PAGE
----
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Economic Growth (Check Development Economic Readings) Notes
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ECONOMIC GROWTH (CHECK DEVELOPMENT ECONOMIC READINGS) 'Macroeconomics' Carlin & Soskice 2006 CHAPTER 13 - EXOGENOUS GROWTH THEORY
Long run characterised by steady state growth in which output and employment grow at constant proportional rates and in which net saving (and investment) is a constant share of output. o In S-S model, without technological progress, output and employment grow at the same rate in the steady state, which implies that the level of output per worker remains constant
So growth rate of output per capita is zero in the steady state
A rise in savings (and investment) share of output shifts the economy to a new steady state characterised by higher output per worker (output per worker is rising during shift from one steady state to another) - so economic growth in the sense of growth in output per worker is only a transitional process.
This doesn't fit with evidence so necessary to introduce technology
Growth and the growth rate o Notation:
is the rate of change of output (it is the continuous time equivalent of ) i.e.
[rate of change, discrete time]
[rate of change, continuous time]
(Proportional) rate of growth is defined in discrete time as:
[growth rate, discrete time]
[growth rate, continuous time]
o Growth rates, exponential and log functions
Growth rate in discrete time is the same as in continuous time when the time period is short enough e.g. t and t+∆t where ∆t is small.
Growth rate can be expressed in several equivalent ways:
The growth rate of the ratio of 2 variables is equal to the difference between the two growth rates: gX/Y = gX - gY o E.g. the growth rate of output per worker is equal to the growth rate of output minus the growth rate of workers.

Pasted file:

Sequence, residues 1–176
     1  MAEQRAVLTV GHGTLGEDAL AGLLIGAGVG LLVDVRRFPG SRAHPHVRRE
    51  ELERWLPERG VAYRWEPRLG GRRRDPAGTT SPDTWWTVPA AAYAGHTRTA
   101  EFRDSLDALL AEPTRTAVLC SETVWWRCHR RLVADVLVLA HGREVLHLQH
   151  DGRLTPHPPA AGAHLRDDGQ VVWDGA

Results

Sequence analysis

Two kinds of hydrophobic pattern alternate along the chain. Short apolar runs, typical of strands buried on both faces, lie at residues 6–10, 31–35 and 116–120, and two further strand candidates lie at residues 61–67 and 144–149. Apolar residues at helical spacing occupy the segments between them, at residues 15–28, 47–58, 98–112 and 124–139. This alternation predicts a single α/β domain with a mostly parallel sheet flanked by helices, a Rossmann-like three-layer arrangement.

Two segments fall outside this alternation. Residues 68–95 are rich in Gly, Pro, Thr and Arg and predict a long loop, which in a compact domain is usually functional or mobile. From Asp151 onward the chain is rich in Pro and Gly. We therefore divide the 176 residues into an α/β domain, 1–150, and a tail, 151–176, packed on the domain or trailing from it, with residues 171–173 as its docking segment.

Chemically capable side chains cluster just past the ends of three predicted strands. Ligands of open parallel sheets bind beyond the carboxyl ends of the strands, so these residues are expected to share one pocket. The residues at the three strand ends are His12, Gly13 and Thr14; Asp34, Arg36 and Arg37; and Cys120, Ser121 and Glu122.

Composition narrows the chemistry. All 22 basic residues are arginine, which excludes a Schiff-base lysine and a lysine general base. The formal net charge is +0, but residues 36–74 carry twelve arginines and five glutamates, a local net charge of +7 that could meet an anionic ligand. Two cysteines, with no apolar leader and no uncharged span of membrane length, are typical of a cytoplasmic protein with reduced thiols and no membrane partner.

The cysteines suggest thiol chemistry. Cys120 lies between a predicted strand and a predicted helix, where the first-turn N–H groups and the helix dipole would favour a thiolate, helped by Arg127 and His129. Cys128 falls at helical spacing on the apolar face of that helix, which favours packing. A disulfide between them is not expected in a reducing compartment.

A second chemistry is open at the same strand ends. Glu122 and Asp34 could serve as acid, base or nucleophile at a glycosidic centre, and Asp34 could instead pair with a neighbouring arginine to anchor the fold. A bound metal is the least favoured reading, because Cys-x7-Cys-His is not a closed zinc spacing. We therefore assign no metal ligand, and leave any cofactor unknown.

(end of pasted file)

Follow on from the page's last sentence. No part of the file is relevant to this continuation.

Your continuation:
The growth rate of the product of 2 variables is equal to the sum of their growth rates o Useful definitions for growth theory
Growth rate can be calculated via the log difference method as follows:
o Where t is the number of years, Y0 is the base level of output and Yt is the final year level
The Solow-Swan model o What is capital in this model
Capital is productive but it does not need to be productive all the time
Capital is itself created from existing resources in the income - so trade off between consuming resources today or transforming them into capital which will potentially produce more resources tomorrow (i.e. Investment)
Capital earns a return, assumed that capital can be rented at real rate R
Capital depreciates (at the constant rate, δ), where real IR, r = R - δ
Capital is a rival good - usage of one unit of capital by an individual means that no one else can use it. o Aggregation of capital
Difficult - think apples and pears
Only under very special circumstances is aggregation mathematically warranted
o The production function
Y = F(K,L)
MPK and MPL are positive and diminishing
Production function exhibits CRS
i.e. F(θK, θL) = θF(K,L)
allows us to define output and capital in intensive form (i.e. per worker terms) so y = Y/K and k = K/L
CRS implies that returns to each factor depend only on the factor ratio i.e. K/L
So APK and MPK are decreasing functions of K/L and APL and MPL are increasing functions of K/L o APK = f(k)/k and APL = f(k) o MPK = f'(k) and MPL = f(k) - f'(k)k
If we assume Cobb Douglas production function: o o o o How labour and capital inputs change over time
Assume labour force grows at constant positive exponential growth rate, n:
Growth rate of capital: o o Steady state or balanced growth
If we take a constant n, then when the capital stock is growing at the same rate the KL ratio will be constant - known as the steady state K-L ratio, k*
Hence, steady state growth requires
Which implies: o
o So far:
In steady state growth, output and capital grow at the same rate as the exogenously given n. No growth in output per capita in the steady state.
The capital output ratio in the steady state is higher, the higher is the savings rate and the lower are the labour force growth rate and depreciation. o Dividing by L:
Multiplying each side by K/L gives
Substituting gives Fundamental Solow Equation of Motion:
o First term shows extent to which I is adding to the capital stock per worker o Second term shows amount of I needed to offset depreciation (δk) and to equip additions to labour force at existing levels of capital per head (nk) o If s = 0, i.e. no savings, capital per head would be falling under pressures of an increasing population and capital depreciation o If capital per worker increases because I per head is > reduction in capital per head due to increasing population and depreciation o FIGURE 13.3
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